GE Lighting Solutions, LLC v. Agilight, Inc.


Docket No. 2013-1267

RADER, MOORE, REYNA (concur/dissent in part)
May 1, 2014

Brief Summary: DC grant of SJ of noninfringement affirmed-in-part, reversed-in-part and remanded because “[n]othing in the intrinsic record requires a departure from [the] plain and ordinary meaning” of the claims (no new lexicography or disavowel) and DC error in importing limitations of dependent claims into the independent claims.

Summary: GE appealed DC grant of SJ to AgiLight that its accused light-emitting diode (LED) string lights do not infringe four of GE’s patents; the FC affirmed the decision as to four of the patent and reversed it as to one. The patents relate to the use of an insulation displacement connector (IDC) that provides power to the LED. The DC found that while IDCs are “commonly used in electrical engineering to connote a range of devices”, two of the patents “were limited to a ‘more specialized IDC connector’” but the FC disagreed (“[n]othing in the intrinsic record requires a departure from [the] plain and ordinary meaning…the specification and prosecution history only compel departure from the plain meaning in two instances: lexicography and disavowel” (citing Phillips, FC 2005; Thorner, FC 2012; SciMed Life Sys., FC 2001 (clearly set forth a definition of the disputed claim term”, “clearly express an intent to define the term”, “specification [or prosecution history] makes clear that the invention does not include a particular feature”); Saunders Grp., FC 2007 (A patent that discloses only one embodiment is not necessarily limited to that embodiment)). It also found the DC erred by importing limitations of dependent claims into the independent claims (citing Liebel-Flarsheim, FC 2004). The opinion also determined that the DC erred in requiring the “entire inner profile” of the light element to be “substantially ellipsoidal”. The FC concluded that there was a genuine factual dispute as to whether AgiLight’s product included “a portion of the inner profile” that is “substantially ellipsoidal” and the grant of SJ on this basis was reversed. AgiLight’s proposed alternative basis for affirming SJ with respect to the “generally spherical outer profile” was rejected based on expert testimony. Judge Rader disagreed with this part of the opinion, in part because “[t]he specification says the depicted inner profile [in Figure 7] is ‘ellipsoidal’ when the full profile clearly is not” and “this flaw” as settled “in favor of the patentee by parsing the claimed profiles to any portion thereof”. Judge Rader explained “[w]hile…express ambiguity in a patent document that affects the scope of the clsims should typically be resolved in favor of the public over the patentee, the ambiguity here is most directly resolved from the amendments and remarks made by the patentee during prosecution.” The DC also granted SJ of non-infringement because the AgiLight lens lacks the “opening” required by the definition of “annular gasket”. The FC panel agreed with this definition as “consistent with the plain and ordinary meaning” and therefore affirmed the decision on this point.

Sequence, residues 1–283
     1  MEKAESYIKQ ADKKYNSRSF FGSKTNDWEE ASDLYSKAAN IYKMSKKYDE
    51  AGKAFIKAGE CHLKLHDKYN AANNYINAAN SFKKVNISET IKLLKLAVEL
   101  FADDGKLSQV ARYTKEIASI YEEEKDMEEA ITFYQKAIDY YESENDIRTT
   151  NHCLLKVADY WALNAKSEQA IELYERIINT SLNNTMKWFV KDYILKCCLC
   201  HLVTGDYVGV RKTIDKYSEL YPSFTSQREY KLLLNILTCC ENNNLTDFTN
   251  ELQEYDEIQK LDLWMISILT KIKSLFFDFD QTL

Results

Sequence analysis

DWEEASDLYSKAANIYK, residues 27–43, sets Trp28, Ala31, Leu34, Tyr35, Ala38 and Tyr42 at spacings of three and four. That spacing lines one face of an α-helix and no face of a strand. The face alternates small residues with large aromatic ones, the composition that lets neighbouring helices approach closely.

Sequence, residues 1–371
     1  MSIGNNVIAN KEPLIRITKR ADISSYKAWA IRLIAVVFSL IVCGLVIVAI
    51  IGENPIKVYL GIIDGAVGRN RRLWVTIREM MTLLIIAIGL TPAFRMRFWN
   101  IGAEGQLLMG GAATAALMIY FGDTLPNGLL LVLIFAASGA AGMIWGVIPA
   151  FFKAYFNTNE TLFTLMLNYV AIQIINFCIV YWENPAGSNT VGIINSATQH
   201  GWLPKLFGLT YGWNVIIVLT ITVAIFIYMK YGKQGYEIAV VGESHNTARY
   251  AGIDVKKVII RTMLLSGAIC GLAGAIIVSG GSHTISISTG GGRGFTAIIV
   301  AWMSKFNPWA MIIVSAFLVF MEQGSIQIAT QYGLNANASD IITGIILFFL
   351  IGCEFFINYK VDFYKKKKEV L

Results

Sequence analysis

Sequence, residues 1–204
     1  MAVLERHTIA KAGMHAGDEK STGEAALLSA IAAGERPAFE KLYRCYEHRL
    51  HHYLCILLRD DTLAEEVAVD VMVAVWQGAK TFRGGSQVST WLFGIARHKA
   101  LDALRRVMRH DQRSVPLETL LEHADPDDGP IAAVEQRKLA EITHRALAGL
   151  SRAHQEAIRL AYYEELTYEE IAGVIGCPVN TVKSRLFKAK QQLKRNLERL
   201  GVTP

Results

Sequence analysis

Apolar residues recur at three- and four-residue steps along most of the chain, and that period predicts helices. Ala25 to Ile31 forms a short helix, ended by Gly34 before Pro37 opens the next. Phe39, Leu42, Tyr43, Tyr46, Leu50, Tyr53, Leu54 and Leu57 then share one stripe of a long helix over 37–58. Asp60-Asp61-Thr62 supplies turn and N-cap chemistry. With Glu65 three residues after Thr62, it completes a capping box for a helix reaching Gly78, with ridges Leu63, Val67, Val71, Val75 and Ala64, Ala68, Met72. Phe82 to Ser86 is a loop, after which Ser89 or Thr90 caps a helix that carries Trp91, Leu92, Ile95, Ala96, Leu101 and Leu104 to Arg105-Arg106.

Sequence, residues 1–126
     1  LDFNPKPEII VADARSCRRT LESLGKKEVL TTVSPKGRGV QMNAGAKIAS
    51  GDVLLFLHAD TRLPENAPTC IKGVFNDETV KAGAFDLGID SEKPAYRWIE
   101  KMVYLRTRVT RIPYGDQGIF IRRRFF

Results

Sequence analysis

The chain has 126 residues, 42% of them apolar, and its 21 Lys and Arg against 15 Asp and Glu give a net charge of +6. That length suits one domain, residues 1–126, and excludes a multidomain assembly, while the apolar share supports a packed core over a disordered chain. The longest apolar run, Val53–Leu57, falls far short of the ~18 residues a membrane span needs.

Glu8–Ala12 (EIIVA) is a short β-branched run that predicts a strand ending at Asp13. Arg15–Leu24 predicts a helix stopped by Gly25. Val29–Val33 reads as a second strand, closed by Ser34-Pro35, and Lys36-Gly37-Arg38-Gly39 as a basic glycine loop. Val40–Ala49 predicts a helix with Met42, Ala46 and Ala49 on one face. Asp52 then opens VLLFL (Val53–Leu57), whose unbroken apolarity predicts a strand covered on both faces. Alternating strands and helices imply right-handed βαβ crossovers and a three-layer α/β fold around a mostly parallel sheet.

This entry was posted in Claim Construction, Claim Differentiation, Infringement. Bookmark the permalink.

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